First, Clearly Define your criteria for Emergency Change status e.g.

Likelihood of Service Loss, Imminent Service Loss, Possible Service Loss, Unacceptable Service Degradation, Security Vulnerability etc

Then define your criteria for Urgent Change status (I would suggest Wink)

Poor planning, Poor Communication, Poor Project Management


Keep challenging the Project Managers\Team Leaders and explain to them that urgent requests are to be discouraged. If you see no improvement in urgent requests rate then have a word with their line manager.
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DYbeach
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PostPosted: Fri Jul 10, 2009 9:06 am    Post subject: Reply with quote

Is there an option to tie the issue to performance management? Twisted Evil
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rikofold
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PostPosted: Tue Aug 11, 2009 1:20 am    Post subject: Reply with quote

cheddarpaul wrote:

The reason they are authorising these urgent changes is they 'appear' to fit the criteria - which is to avoid an outage/production incident, correct a production issue or to recover from an outage


The urgent change process is there precisely to enable this type of change, so the question is whether your analysis of these changes reveals that they do or do not qualify.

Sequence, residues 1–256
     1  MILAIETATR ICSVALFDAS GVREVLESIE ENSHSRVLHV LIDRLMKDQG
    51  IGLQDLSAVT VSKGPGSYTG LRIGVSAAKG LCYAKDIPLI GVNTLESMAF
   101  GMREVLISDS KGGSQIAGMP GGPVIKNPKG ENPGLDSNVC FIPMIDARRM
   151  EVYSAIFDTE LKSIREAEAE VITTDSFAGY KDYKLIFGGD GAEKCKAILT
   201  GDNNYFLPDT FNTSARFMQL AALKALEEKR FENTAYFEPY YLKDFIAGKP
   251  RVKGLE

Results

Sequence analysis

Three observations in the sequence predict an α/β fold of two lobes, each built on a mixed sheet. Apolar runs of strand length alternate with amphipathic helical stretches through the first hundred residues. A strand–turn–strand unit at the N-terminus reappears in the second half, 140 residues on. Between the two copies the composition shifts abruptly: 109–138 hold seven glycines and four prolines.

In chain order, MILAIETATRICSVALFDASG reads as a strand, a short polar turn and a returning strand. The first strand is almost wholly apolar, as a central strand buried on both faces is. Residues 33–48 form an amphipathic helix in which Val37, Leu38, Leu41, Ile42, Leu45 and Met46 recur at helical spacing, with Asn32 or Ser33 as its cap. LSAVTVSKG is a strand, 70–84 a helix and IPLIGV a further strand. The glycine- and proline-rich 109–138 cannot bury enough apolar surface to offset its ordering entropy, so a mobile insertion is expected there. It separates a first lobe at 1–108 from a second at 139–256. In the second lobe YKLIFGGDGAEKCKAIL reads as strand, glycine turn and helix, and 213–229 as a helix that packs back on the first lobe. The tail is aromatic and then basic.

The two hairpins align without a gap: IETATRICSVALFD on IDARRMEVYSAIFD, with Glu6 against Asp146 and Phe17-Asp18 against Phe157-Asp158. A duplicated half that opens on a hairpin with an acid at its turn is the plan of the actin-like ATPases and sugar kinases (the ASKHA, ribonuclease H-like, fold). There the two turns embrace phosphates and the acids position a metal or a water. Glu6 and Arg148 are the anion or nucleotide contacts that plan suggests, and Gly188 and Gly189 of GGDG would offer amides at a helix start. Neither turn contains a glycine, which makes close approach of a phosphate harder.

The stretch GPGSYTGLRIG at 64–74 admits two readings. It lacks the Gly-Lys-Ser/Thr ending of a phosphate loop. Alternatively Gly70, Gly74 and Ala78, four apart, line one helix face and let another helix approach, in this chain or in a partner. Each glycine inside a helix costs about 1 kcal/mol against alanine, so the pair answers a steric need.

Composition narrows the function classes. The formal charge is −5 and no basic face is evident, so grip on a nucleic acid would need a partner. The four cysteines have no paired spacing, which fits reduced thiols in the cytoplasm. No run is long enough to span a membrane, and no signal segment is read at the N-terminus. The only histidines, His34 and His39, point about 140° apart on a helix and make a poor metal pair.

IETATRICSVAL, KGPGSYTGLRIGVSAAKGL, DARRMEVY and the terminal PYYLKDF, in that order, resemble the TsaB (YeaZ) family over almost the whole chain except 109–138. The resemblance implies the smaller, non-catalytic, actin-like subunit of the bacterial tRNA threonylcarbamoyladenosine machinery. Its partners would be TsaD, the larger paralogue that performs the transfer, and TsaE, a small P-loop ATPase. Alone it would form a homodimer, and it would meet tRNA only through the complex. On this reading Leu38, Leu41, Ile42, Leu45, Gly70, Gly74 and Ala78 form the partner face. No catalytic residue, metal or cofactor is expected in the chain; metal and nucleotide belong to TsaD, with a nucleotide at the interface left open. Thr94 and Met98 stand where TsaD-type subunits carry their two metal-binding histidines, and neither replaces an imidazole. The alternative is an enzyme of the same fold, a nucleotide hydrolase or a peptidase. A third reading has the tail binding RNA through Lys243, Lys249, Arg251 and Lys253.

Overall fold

If they do and the volume is too high to manage, then perhaps the urgent change process has become too cumbersome.

If they don't, then you need to manage that directly with those initiating the changes. It might be that a policy (such as the performance management system as someone already mentioned) would help to 'encourage' compliance with process.

All that said, there is rarely good reason for projects to implement urgent changes, that smacks of a lack of planning and diligence so if that's the main source you need to talk to whoever owns the PM process.

Overall though, the driver will be business need - and us ITILers can often forget that real life is a more compelling argument than best practice. The change process must be an enabler of the business, and many organisations accept this type of situation as reasonable because it enables their objectives.